Steven K. Hall, a major figure in California water policy who served nearly 15 years as the executive director of the Association of California Water Agencies, died Jan. 19 of Lou Gehrig’s disease. He was 58.
Hall, who was born in Greenland, served four governors in an array of appointed and advisory roles. He started his career 33 years ago at the Tulare Lake Drainage District, where he served as manager. In 1985, he was selected to serve as executive director of the Land Preservation Association, “where he became well versed in the issues of agricultural drainage and the search for solutions on the west side of the San Joaquin Valley,” his colleagues said.
In 1989, he became executive director of the newly formed California Farm Water Coalition and quickly made a name for himself as an impassioned public speaker. He sometimes was paired on the speaking circuit with Cadillac Desert author Marc Reisner. Hall, his colleagues said, provided audiences with “an effective counterpoint to the late writer’s assertions about agricultural water use.”
Hall earned a bachelor’s degree in marketing and economics from California State University, Fresno in 1973. He graduated from the California Agricultural Leadership Program in 1982.
In recent years at ACWA, which he headed from 1993 to 2007, Hall led a year-long effort to develop ACWA’s recent water policy document, “No Time to Waste: A Blueprint for California Water.” Developed with input from local water leaders throughout the state, the document recommended a comprehensive suite of actions and investments to ensure California has the water supply system it will need in the coming decades. It also served as the basis of the “California’s Water” series for public television produced by Huell Howser and underwritten by ACWA members.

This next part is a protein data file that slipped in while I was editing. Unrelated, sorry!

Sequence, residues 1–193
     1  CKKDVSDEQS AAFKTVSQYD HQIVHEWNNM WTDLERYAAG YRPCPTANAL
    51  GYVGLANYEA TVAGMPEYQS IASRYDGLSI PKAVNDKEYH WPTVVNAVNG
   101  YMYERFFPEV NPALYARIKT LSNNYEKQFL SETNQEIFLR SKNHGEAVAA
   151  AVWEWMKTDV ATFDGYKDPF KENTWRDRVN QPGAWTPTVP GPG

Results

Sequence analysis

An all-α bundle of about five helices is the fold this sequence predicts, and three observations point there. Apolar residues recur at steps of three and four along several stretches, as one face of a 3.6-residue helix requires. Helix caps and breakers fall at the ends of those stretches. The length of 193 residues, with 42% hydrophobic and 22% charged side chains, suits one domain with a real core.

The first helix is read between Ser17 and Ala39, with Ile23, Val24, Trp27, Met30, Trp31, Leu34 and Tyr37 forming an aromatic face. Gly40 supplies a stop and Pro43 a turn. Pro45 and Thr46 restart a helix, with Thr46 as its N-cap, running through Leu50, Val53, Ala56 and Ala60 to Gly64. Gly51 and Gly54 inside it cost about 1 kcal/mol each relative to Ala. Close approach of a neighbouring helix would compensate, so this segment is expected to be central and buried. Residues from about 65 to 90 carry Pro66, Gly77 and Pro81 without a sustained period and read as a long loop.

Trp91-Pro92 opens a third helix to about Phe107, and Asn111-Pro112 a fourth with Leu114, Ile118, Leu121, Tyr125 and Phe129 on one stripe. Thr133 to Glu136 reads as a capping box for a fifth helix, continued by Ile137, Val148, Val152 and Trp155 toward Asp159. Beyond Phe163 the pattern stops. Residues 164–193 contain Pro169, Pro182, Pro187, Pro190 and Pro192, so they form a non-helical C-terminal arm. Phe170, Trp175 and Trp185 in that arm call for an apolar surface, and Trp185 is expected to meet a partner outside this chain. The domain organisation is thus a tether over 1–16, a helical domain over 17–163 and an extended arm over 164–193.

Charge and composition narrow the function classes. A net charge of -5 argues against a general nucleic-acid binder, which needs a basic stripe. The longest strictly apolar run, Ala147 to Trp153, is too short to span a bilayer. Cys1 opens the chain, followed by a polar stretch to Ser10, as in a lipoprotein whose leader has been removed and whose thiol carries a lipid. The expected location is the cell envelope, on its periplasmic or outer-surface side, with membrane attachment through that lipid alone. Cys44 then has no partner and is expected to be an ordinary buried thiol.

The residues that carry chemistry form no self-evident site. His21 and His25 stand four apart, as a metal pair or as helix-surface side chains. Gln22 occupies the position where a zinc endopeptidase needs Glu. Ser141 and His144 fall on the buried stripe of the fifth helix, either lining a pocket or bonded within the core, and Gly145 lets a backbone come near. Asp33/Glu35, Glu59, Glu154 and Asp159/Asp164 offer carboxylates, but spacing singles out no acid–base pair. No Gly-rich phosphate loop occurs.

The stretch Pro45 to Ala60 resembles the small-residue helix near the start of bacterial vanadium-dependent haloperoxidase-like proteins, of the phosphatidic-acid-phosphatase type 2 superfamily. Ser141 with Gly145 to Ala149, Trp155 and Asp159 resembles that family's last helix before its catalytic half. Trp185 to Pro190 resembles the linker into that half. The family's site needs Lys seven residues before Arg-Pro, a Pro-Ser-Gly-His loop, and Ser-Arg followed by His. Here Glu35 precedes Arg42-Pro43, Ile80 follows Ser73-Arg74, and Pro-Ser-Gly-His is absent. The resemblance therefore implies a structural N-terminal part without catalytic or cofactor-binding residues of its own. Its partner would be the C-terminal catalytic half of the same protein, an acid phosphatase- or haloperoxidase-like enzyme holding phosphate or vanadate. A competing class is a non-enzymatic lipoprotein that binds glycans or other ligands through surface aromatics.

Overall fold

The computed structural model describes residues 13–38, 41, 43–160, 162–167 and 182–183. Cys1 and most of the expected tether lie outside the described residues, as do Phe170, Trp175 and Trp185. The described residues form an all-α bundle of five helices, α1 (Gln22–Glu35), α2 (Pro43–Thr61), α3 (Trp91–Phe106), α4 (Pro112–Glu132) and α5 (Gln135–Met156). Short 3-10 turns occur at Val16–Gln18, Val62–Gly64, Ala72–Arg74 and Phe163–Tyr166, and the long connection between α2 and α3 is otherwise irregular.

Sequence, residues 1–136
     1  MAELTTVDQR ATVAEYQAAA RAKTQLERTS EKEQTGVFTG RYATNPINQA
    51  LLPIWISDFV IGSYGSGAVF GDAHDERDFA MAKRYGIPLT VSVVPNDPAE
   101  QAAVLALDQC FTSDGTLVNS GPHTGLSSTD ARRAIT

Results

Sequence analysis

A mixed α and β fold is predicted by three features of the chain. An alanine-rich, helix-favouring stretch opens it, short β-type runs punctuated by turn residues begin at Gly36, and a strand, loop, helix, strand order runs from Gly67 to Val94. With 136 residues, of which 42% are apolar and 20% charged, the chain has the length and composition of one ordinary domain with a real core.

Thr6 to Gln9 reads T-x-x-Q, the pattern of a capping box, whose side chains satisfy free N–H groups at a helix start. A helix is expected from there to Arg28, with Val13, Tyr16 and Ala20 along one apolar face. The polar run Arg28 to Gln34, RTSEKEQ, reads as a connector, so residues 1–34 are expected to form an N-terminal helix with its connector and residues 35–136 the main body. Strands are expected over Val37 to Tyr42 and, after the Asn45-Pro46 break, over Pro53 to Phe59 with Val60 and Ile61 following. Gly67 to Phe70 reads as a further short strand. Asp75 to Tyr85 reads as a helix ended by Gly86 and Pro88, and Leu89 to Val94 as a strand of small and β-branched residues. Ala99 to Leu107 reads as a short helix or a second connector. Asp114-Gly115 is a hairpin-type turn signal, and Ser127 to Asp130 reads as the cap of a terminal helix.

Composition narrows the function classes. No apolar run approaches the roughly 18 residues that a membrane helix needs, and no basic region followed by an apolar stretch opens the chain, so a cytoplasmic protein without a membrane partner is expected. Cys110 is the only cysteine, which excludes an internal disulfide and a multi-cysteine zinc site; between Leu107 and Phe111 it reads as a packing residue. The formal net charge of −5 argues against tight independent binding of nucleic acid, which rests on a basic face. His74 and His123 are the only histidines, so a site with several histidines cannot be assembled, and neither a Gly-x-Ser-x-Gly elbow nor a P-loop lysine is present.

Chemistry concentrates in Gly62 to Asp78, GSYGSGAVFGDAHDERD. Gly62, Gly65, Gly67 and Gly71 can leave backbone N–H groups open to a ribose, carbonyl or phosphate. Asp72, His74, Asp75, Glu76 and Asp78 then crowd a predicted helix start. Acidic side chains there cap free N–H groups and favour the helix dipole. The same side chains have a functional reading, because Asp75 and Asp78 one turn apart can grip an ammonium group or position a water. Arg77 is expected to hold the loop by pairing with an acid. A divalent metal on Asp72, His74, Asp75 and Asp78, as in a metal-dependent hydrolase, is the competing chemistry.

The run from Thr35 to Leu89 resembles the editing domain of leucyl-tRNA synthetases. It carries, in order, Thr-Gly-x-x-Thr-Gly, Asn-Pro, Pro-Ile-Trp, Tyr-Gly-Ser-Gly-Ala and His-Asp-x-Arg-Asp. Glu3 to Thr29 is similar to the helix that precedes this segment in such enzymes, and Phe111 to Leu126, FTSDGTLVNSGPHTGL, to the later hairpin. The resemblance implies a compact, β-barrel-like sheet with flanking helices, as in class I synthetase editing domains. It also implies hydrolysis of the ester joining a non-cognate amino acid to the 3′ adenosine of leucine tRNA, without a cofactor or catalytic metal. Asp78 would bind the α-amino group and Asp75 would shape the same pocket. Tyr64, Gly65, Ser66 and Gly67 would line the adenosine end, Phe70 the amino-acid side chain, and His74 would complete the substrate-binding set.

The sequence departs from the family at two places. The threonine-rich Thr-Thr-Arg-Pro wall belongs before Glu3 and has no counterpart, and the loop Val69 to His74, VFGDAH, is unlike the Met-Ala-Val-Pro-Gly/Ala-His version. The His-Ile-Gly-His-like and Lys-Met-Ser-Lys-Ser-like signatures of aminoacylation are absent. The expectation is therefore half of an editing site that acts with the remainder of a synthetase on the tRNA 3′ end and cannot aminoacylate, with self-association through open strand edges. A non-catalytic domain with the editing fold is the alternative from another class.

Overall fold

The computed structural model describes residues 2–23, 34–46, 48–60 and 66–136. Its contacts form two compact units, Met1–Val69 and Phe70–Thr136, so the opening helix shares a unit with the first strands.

ACWA, formed in 1910, represents some 450 water agencies across California. The agencies supply about 90 percent of the water to California farms, businesses and urban water users.
Even after his retirement in 2007 as the effects of his illness — amyotrophic lateral sclerosis, or ALS, commonly known as Lou Gehrig’s Disease — made it difficult to work, Hall continued to advocate for legislation on ALS at the state Capitol. His motto became, “As much as I can for as long as I can.”
Hall is survived by his wife, Pamela; two grown children, Jennifer and Adam; and three grandchildren. He is also survived by his parents, Wayne and Lois Hall; his brother, Mark; and his sister, Anita.